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The next generation? We don’t need it.

The next generation? We don’t need it.

The normal console life cycle lasts around the five-year mark, if history is anything to go by (in fact, the average time between the release of major consoles is 4.7 years, though that is admittedly without taking into account the month of release). By this logic we should at least know about the next generation of consoles to be coming out, but we don’t. We haven’t had a sniff. Why is this? And does it really matter that much?

I don’t think it does. While at this point in the SNES’s cycle my attentions had moved elsewhere, to the shiny, new 3D world of the PSone and Saturn, there’s been nothing like that to draw attention away. Instead of focusing on the graphics arms race, platform holders seem to be focusing more attention on expanding the range of what their console can do.

When the PS2 came about I was bored with my PSone – and this new console coming out could play DVDs, which was a huge bonus for me as I didn’t own a DVD player. This time around? There’s nothing to grab my interest. The PS3 is constantly being upgraded with firmware updates to be able to play about with the newest, best technology (outside of expensive, dedicated hardware of course). With Sony concentrating on updating and upgrading the existing capabilities of their consoles, I – and I know I’m not alone in this – couldn’t give a flying monkey’s about any potential next generation of consoles. Not right now, at least.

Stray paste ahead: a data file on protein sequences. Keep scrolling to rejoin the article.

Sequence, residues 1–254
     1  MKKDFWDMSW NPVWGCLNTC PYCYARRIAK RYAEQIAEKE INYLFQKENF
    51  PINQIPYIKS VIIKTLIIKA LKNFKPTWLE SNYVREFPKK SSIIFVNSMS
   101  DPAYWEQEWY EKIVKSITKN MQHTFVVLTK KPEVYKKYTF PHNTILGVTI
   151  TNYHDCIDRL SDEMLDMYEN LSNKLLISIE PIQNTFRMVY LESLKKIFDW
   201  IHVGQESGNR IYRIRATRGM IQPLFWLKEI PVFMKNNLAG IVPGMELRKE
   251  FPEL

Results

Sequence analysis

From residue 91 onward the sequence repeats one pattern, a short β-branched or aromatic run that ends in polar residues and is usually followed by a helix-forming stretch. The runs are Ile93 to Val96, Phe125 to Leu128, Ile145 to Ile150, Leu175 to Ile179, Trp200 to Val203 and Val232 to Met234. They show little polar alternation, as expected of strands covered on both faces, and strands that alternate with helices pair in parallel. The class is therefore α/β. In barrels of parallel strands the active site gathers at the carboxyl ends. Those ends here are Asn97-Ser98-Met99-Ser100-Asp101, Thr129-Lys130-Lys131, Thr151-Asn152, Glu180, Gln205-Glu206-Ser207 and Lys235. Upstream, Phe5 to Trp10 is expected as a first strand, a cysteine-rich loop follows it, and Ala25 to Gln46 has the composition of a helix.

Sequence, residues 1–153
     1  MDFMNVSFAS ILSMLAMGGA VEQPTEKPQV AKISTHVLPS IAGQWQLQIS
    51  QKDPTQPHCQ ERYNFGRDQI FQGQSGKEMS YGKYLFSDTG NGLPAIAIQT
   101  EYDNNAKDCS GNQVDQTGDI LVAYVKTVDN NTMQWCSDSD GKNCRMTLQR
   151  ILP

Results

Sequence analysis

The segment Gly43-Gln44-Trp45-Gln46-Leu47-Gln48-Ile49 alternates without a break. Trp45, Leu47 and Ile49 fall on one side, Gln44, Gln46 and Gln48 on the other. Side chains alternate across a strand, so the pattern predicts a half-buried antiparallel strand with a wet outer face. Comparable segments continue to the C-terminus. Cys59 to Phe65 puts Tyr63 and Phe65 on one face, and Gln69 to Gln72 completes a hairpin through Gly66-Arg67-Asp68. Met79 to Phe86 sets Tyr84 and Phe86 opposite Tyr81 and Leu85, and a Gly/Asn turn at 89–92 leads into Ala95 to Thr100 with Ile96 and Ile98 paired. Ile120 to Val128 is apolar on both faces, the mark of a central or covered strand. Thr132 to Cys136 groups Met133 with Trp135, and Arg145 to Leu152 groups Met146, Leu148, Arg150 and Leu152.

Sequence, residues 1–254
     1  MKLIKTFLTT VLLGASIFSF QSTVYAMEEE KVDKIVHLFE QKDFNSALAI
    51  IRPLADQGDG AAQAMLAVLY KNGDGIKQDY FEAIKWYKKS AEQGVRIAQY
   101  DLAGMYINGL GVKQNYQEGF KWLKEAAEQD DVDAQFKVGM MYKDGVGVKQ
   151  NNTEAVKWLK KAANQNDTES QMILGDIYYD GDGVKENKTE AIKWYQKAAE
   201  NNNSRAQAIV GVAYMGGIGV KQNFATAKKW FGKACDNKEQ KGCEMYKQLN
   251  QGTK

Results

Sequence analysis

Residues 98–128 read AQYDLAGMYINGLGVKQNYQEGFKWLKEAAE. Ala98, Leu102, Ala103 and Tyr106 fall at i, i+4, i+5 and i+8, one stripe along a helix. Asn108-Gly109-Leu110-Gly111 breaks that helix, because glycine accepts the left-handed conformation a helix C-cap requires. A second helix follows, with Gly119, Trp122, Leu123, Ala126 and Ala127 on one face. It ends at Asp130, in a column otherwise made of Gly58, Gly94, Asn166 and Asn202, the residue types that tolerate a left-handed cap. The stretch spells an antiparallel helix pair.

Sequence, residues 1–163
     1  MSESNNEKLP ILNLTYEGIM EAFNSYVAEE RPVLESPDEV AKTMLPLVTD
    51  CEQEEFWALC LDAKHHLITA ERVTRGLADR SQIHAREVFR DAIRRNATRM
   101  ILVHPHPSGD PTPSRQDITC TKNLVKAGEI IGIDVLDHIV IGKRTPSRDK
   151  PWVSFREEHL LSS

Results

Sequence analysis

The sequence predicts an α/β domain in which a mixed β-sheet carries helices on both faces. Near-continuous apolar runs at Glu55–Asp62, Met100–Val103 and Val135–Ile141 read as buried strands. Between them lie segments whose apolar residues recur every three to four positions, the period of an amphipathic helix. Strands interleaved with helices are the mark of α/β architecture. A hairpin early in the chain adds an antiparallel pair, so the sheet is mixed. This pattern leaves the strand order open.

From another perspective, Peter Moore has weighed in with his opinion, stating that the current pricing of consoles shows we’re about halfway through the life cycle. Speaking to Eurogamer, the boss of EA Sports said:

“Chronologically, this is the last few years of previous cycles, but when you look at pricing, we’re mid-cycle.

“Over the years, $199 and below has been where 75 to 80 per cent of business is done. With the exception of 360 and the Wii, PlayStation 3, which seems to have a lot of momentum, is not even close to that.

“So we’re still to reach a price point across all three consoles where historically 75 to 80 per cent of business is done. Yeah, I think we’re in mid-cycle.”

It’s strange to see such a shift, but at the same time I find it exciting. When a new console comes out it’s a case of ‘rip it up and start over’, and the potential for eking out every single percentage of power from the yesterday-current generation is lost.

Now, because of financial constraints, the amount of money Sony, Microsoft and Nintendo have put into their machines and the ever-improving technologies that can go hand-in-hand with the consoles, we simply don’t need the traditional life cycle structure.

When we were told the PS3 would last us ten years, we baulked. At least a bit. It was grudging acceptance that maybe, in the right circumstances, the console would be able to live for a decade. But these days, four years down the line, it doesn’t look like such a daft suggestion anymore.

Here’s to the next six years.

[US home console release dates:
NES, 1986. SNES, 1991. Nintendo 64, 1996. Gamecube, 2001. Wii, 2006.
Master System, 1986. Genesis, 1989. Saturn, 1995. Dreamcast, 1999.